Appointment of six Centre Directors

Duncan Selbie announces appointments to six Centre Director posts, and commits PHE to working to improve the health outcomes of the homeless.

I am very pleased to say that we have made appointments to six of our eight vacant Centre Director posts.  Dr Jane Rossini, currently Joint Director of Public Health for NHS Heywood, Middleton and Rochdale and Rochdale Borough Council, has been appointed Centre Director for Cumbria and Lancashire; Dr Fu-Meng Khaw, currently Joint Director of Public Health for NHS Newcastle and Newcastle City Council, will be Centre Director for Lincolnshire, Leicestershire, Nottinghamshire and Derbyshire; Dr Gina Radford, currently Consultant in Public Health at NHS Cambridgeshire, will be Centre Director for Norfolk, Suffolk, Cambridge and Essex; Dr Shona Arora, Joint Director of Public Health for NHS Gloucestershire and Gloucestershire County Council, will be Centre Director for Avon, Gloucestershire and Wiltshire; Professor Debra Lapthorne, currently Joint Director of Public Health for NHS Plymouth and Plymouth City Council, will be Centre Director for Devon, Cornwall and Somerset; Dr Jim O’Brien, currently Deputy Regional Director of Public Health NHS South-West, will be Centre Director for Hampshire, Isle of Wight and Dorset.  This means our frontline is almost complete and it will be hopefully reassuring for our partners in local government, the voluntary and community sector and the NHS to know who they will be working with.  Most of our new appointees will be in place by the time PHE is up and running in April but where not, contingency arrangements will be confirmed.  The remaining two posts for the Centres in Thames Valley and Bedfordshire, Hertfordshire and Northamptonshire will be advertised next week. 

On Tuesday the Local Government Association held their second annual public health conference, opened by their Chairman Sir Merrick Cockell and addressed by Ben Page, Chief Executive of MORI, amongst many others.  Sir Merrick spoke with passion, knowledge and ambition in taking on their new statutory duties to improve the public’s health and I do wish this could have been broadcast across the nation.  Ben shared the findings from MORI’s recent work around the public’s understanding of their own health and what could be done to improve it.  The essential message, conveyed in a captivating way, is that while people understand what they could do to improve their health they are very often reluctant to act on this and we need to be more savvy in how we listen and respond in ways that are more effective than we have hitherto managed.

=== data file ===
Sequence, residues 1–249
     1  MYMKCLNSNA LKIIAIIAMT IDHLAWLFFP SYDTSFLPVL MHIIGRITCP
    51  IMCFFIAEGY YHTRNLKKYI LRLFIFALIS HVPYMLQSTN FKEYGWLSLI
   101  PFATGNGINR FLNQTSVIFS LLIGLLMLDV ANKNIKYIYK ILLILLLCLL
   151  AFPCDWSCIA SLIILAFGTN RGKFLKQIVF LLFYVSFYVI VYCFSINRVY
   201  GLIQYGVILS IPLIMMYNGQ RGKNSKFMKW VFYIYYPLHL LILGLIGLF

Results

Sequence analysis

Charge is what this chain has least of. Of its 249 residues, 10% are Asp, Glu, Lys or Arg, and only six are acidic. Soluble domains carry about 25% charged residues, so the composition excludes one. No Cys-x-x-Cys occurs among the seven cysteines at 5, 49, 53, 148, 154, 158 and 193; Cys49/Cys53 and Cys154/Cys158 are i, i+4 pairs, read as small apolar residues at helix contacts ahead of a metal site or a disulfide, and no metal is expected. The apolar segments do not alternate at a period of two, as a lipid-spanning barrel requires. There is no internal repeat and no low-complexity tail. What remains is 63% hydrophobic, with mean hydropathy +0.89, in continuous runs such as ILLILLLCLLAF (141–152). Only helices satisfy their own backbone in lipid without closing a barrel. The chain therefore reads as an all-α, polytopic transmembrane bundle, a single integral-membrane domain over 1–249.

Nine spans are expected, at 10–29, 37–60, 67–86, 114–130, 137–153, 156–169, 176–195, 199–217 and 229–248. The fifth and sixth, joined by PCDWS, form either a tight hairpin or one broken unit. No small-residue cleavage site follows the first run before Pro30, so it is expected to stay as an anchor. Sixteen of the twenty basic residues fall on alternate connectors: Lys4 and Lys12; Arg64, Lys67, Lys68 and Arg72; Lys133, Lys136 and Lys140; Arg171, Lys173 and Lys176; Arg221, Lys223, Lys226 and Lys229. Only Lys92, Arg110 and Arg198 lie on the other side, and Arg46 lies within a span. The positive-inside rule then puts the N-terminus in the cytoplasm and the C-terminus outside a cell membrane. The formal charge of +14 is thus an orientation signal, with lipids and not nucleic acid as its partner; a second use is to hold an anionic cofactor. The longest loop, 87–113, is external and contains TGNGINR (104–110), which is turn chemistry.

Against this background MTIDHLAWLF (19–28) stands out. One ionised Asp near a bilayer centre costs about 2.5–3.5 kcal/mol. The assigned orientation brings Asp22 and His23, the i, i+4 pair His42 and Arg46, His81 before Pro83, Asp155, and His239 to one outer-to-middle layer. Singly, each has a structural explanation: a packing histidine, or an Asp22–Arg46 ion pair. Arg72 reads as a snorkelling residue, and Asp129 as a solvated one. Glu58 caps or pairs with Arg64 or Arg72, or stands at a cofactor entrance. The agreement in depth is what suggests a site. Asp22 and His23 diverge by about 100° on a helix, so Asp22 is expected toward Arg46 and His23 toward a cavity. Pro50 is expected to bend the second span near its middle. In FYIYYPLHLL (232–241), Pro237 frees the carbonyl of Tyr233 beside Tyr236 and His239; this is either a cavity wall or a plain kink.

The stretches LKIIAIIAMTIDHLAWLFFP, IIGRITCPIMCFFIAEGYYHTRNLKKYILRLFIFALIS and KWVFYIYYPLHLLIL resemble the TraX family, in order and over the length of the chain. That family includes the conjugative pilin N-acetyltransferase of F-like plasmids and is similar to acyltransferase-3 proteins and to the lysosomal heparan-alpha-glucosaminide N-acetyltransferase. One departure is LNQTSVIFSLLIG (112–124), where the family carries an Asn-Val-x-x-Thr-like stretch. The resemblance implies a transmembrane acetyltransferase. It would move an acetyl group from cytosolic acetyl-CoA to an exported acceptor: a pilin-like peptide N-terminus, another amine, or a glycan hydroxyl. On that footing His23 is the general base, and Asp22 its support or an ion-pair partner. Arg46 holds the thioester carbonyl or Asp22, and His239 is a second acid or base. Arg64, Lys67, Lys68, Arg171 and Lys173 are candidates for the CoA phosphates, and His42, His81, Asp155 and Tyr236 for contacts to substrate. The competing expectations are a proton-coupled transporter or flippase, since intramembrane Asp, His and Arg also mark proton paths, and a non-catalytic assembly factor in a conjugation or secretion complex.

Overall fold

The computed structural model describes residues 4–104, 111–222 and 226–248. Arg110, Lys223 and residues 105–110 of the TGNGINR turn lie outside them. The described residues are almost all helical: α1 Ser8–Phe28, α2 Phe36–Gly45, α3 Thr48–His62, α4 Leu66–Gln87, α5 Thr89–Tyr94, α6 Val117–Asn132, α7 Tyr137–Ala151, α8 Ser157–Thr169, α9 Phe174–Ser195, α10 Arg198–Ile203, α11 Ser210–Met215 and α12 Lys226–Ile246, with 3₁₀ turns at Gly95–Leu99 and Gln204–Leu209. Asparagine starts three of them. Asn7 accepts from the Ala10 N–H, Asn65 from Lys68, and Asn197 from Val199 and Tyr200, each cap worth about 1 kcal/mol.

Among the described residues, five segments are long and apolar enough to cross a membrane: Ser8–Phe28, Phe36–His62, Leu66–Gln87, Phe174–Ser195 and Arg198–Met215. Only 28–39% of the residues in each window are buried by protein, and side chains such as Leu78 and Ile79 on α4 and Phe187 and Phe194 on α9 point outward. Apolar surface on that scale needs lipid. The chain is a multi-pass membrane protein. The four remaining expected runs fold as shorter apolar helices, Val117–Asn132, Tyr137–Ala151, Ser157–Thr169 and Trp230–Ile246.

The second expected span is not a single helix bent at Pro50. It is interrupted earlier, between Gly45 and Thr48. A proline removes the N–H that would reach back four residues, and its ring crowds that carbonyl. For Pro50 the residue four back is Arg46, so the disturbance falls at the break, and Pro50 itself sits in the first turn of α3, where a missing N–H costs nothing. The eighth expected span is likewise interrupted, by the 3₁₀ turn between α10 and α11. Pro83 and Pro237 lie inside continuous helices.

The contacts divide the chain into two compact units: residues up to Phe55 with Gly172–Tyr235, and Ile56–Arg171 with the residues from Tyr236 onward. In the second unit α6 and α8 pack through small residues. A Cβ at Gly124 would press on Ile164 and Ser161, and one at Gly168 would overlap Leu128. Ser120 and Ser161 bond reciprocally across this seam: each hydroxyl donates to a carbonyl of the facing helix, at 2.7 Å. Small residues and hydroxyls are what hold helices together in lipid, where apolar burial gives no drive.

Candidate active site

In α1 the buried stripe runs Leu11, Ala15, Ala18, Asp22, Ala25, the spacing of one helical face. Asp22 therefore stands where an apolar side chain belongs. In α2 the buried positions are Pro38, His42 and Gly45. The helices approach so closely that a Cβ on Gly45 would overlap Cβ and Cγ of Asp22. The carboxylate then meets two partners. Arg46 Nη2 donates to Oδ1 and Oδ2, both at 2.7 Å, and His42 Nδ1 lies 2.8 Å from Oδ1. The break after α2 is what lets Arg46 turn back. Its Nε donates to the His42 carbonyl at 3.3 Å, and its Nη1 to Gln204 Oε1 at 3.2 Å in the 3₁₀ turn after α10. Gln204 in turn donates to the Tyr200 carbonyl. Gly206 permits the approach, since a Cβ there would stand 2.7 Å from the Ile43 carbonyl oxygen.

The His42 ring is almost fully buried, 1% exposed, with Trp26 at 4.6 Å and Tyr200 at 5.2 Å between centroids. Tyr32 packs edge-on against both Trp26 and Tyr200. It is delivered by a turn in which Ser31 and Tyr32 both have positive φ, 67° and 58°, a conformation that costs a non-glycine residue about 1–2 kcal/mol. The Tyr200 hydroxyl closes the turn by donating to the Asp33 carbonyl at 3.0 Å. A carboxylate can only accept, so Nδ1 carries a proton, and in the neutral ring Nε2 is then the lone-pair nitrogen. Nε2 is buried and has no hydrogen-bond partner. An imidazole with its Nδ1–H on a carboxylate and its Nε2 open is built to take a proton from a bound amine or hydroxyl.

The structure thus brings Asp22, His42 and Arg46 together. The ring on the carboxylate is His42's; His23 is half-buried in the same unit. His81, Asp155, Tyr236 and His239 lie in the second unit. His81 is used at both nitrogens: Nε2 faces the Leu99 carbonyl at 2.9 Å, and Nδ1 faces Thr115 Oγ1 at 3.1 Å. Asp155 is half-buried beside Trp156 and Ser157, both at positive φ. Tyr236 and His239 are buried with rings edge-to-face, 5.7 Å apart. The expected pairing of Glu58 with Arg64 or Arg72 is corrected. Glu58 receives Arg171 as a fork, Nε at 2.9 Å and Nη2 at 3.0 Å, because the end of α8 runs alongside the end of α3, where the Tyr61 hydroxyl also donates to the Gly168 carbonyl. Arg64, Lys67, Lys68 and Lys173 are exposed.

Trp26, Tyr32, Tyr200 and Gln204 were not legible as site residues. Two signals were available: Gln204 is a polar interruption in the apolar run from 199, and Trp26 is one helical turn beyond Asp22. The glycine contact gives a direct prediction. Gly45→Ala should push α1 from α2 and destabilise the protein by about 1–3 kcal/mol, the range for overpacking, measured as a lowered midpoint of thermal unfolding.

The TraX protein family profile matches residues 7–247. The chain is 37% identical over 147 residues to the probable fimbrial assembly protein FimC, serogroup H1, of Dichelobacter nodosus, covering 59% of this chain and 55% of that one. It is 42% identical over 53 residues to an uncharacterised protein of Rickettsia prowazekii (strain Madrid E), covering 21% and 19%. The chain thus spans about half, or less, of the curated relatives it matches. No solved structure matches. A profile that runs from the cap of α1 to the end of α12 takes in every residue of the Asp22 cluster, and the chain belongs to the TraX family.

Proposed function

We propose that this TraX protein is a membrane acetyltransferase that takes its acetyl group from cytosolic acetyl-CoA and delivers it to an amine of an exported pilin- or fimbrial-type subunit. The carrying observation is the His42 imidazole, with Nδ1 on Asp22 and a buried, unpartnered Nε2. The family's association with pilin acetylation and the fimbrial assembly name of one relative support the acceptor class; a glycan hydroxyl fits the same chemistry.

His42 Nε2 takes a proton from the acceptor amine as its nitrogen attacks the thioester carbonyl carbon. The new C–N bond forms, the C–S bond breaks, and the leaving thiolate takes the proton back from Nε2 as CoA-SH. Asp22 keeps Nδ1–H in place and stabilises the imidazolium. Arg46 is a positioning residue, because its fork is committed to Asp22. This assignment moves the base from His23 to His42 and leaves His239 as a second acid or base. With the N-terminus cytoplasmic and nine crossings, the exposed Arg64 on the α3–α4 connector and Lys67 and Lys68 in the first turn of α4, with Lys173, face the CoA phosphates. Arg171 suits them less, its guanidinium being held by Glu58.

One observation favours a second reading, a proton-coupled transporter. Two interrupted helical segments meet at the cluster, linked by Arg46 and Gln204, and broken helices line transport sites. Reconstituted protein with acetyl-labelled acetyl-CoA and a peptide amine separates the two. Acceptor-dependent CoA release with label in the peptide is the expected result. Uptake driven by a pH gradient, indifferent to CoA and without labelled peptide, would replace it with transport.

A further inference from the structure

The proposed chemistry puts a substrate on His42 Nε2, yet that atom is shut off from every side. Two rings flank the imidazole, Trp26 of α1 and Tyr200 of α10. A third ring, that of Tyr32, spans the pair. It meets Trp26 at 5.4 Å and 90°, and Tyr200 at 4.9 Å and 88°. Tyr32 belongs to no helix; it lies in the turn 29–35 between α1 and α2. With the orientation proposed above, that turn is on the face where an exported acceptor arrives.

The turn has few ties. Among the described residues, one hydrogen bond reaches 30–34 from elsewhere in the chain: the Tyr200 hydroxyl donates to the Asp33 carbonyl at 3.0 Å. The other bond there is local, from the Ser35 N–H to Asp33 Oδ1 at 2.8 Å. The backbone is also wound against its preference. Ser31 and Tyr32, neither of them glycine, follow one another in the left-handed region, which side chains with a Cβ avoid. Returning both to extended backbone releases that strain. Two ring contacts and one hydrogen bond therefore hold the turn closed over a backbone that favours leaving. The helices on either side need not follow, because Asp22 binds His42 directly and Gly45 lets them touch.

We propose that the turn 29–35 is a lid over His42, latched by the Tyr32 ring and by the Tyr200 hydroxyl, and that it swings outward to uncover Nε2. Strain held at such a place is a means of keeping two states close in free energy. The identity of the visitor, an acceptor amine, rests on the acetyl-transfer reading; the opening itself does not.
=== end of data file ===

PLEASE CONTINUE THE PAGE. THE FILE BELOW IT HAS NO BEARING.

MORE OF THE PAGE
On Monday I had the pleasure of meeting the network of Chairs of the 14 Health and Wellbeing Boards across the West Midlands.  This was a stimulating and practical conversation – and I am keen to have many more in such fora – which emphasised the critical role of Health and Wellbeing Boards and their mission to be bold and ambitious for their communities and to focus unremittingly on health and not solely on illness in tackling the causes of inequalities and poor outcomes. 

And finally, homeless people cost the NHS eight times more than people with homes but still have appalling health outcomes dying, on average, at just over 45.  At an inaugural international conference on homelessness and exclusion in London yesterday I committed PHE to working with all those with an interest to address this as it plays entirely to our mission to improve the health of the poorest and most poorly fastest.

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